Korra and Ben on the lower gully at sunrise
Colin on the first mixed pitch
Korra on the first mixed pitch
Korra on the first mixed pitch
Colin on the second mixed pitch
The South Face of the Aig Fou
Korra on the second pitch
More great climbing on the second pitch
Hmm sun and 'summit'
Korra tops out
A very hot descent down the backside to our skis
I've been wanting to do Naia for a few years now- it's the perfect combination of an area that I havent been to, with the fact that it looks like a good winter route to climb with skis on your back. It's hard in winter to find objectives that allow you that 'up and over' feel as you have to carry skis with you or endure 8 hours of trail breaking up to your waist back to town. Having done the latter on a couple of occasions I'm keen to avoid it as best I can!
The weatherman had given us a few days of good weather, but with the Foehn still lurking it was best to not get on anything major and commiting as you never quite know what is going to happen when the Foehn is visiting. So I managed to convinvce Ally for one last mountain burn before he jumped on the plane for some home time. Given the amount of snow we've just had I figured it would be the perfect time to get on Naia- being a natural gully line I thought it would be buried in snow and therefore pretty fast and easy to climb. I was wrong, but hey we got up it anyway.
The approach was horrible- the sun bore down on us with a warm Foehn wind and soggy wet snow. It took hours to break trail up to the Charpoua hut- but as usual the views up here are incredible and it's always magical having a bivy hut in winter to yourself. After chatting the rest of the day away and attempting to play Uno (an impossible task) we headed off to bed.
Ally arrives at the hut
Cross dressing night...© Ally Swinton
A 4am wake up call saw us heading up to the base of our route. The snow pack had refrozen overnight in to a perfectly annoying crust- not thick enough to support body weight but also too thick to break under ski edges. So it took a while to get to the shrund- plenty of swapping skis and boot packing and swearing. Arriving at the base and it all looked good- at least there was ice on the route!
Arriving at the shrund as the sun rises over Mont Blanc
Nice views from up here
The sun rose behind us on the Mont Blanc massif and Ally started up the first ice pitch. What looked good was obviously not as he climbed up eggshell old ice and got his first introduction to climbing steep ice with skis on his back.
Ally gets stuck in to the first pitch
From here on it's a fast couloir romp to the cruxes above which looked mighty thin from below. It was good to feel like we were moving fast again, less good was that I'd only brought 4 cams as rock pro. A good schooling in thutching with skis on (not pretty) saw us out of the cruxes and on faster terrain to the Sans Nom Ridge. By now it was obvious we weren't going to make last lift down Montenvers so it was just a case of kicking back and enjoying where we were. The ridge itself actually took some time- skis catching on gendarmes coupled with plenty of traversing on black ice wasn't too conducive to setting any speed records but it was great being up on the Sans Nom Ridge.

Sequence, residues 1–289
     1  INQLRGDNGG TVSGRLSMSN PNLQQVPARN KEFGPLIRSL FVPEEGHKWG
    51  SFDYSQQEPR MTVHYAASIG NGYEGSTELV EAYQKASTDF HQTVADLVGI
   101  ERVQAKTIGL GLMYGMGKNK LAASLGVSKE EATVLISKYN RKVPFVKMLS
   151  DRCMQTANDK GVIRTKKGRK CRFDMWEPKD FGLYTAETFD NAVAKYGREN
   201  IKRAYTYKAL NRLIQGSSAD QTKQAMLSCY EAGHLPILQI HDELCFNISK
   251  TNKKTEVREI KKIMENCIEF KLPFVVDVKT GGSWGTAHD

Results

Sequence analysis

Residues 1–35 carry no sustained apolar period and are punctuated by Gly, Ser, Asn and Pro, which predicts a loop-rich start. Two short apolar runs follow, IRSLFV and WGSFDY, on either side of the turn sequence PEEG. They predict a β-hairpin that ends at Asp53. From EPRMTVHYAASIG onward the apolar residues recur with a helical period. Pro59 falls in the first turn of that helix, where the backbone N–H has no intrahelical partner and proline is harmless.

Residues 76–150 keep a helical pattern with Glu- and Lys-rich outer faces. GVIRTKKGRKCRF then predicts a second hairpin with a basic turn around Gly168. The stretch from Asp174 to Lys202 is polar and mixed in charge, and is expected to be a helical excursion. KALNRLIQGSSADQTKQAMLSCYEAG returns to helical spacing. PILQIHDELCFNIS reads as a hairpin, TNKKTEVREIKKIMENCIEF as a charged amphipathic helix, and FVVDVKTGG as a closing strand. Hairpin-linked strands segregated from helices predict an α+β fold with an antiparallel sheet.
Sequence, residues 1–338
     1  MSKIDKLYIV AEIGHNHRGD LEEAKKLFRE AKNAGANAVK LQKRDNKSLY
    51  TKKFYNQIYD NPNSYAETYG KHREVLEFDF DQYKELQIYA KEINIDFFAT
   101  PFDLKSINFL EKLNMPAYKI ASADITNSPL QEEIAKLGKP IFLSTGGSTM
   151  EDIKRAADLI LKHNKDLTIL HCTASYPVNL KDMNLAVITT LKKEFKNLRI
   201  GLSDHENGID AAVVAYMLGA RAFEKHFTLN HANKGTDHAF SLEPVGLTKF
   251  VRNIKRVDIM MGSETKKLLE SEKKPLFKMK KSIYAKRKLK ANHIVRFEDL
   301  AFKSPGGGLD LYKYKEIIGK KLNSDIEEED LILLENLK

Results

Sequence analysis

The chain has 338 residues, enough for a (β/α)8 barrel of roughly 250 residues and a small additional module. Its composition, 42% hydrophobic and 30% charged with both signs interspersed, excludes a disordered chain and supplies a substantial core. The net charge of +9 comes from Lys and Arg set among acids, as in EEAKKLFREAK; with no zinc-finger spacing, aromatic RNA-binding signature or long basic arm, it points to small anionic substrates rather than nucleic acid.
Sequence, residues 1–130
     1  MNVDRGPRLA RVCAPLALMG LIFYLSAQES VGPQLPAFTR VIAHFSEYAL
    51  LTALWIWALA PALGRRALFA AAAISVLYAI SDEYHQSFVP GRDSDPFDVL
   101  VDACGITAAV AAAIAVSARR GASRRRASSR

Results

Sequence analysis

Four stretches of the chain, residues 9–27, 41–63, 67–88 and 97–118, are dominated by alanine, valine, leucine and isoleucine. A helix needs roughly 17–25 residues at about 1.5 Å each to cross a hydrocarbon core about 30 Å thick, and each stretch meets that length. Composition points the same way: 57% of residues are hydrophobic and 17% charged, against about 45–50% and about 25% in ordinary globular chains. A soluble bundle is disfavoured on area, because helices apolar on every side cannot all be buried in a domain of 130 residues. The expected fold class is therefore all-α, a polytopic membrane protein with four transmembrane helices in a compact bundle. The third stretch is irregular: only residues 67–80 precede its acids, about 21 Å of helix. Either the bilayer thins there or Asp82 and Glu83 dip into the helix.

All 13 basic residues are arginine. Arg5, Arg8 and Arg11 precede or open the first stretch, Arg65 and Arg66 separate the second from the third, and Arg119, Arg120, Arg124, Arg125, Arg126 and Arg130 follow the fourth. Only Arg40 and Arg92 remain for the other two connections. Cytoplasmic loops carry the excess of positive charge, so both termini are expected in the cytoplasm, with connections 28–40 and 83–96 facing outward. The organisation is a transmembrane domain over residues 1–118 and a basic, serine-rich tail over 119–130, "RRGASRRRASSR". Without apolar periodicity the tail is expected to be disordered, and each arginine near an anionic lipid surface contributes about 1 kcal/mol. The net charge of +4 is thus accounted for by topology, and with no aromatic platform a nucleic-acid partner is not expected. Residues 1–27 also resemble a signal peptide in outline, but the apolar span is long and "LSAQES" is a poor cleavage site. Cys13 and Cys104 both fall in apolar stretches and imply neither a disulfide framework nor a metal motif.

On the easy ground, Mont Blanc in the background
Ueli Steck-ing it
High up in the couloir with the Grandes Jorasses North Face in the background
High up in the couloir with the Grandes Jorasses North Face in the background
Myself eyeing up the dry cruxes above, © Ally Swinton
On the first crux pitch- dry...very dry. © Ally Swinton
The second pitch looked fun but with skis on was a bit of a struggle, © Ally Swinton
Since I have no shame here is me thrutching with skis on...sexy. © Ally Swinton
Ditching the pack was the best thing I did all day, © Ally Swinton
Ally tops out from the second pitch, Jorasses in the background
Easy ground to the ridge
Myself arriving at the Sans Nom, © Ally Swinton
Sunshine! © Ally Swinton
The Sans Nom ridge to the summit of the Verte
Questing up the ridge, © Ally Swinton
Looking back at Ally and the Mont Blanc
Epic alpine terrain!
Nearly there... © Ally Swinton
© Ally Swinton
The views from the top of the Verte in winter are really 5 star. I've climbed the Verte 7 times now and it's still one of my favorite summits for the view. Downclimbing the Whymper was great- soft deep snow to plough down. A quick rap at the shrund saw us combat skiing on horrible snow down to the Vallee Blanche and the final ski and walk down to Montenvers just as the sun set.